Uremia is regarded as the end stage of Kidney Failure. Uremia is also called the 'second cancer'. Uremia is related to the second point filtering blood. The kidney is impaired and does not filter the waste products that result from the body's metabolism. When this function fails, the waste products and blood urea nitrogen accumulate in the bloodstream. This build-up is Azotaemia. Mild levels of azotaemia may not show symptoms. But continued kidney failure to filter the waste result in symptoms and this condition is called uremia.
Uremic patients show varied signs and symptoms collectively called as uremic syndrome.
Gastrointestinal tract: Loss of appetite, discomfort in the abdomen, nausea, vomiting, diarrhea, severe dehydration, oral ulcer, Glossitis (inflammation of the tongue) and urine taste in breath.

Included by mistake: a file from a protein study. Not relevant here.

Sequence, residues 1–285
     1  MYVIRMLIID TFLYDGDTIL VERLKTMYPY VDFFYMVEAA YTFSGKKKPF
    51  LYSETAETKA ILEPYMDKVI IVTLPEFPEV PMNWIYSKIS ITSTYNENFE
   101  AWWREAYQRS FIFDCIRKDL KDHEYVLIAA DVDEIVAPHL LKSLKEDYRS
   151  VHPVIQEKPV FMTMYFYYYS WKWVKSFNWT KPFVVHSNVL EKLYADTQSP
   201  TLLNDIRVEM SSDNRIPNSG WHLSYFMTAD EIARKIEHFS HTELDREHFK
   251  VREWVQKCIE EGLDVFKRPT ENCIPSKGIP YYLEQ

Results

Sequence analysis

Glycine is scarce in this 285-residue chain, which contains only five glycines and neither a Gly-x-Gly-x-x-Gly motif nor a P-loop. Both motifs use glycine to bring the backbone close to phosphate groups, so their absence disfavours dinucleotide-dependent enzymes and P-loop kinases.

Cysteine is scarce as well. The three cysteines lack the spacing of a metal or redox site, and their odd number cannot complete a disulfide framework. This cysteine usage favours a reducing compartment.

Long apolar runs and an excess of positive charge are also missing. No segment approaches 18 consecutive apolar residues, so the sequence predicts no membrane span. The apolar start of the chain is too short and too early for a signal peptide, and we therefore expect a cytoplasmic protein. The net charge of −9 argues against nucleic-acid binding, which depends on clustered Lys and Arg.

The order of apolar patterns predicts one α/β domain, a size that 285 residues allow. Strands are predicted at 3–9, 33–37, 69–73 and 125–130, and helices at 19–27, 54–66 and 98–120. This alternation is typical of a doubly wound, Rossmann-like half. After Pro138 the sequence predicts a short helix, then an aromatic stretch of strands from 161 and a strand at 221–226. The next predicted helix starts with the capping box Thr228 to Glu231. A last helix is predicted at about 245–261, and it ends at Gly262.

Nerves related: Headache, dizziness, lethargy, drowsiness, weakness, fatigue. In advanced stage symptoms such as irritability, muscle trembling, seizures and convulsions may be experienced.
Cardiovascular system: Hypertension and arrhythmia and in the advanced stage heart failure can happen.
Blood forming or hematopoietic system: Serious anemia and in the advanced stage bleeding can happen.
Respiratory system: Shortness of breath, difficulty breathing, chronic cough, respiratory disorders such as pleural effusion (fluid accumulation in the lungs), pneumonia, uremic bronchitis, pleurisy.
To decide on the course of treatment the cause of Uremia is of great significance. As Uremia can be life-threatening, quick and proper treatment may reverse the illness condition. The chief cause is of course, kidney failure or damage to kidneys.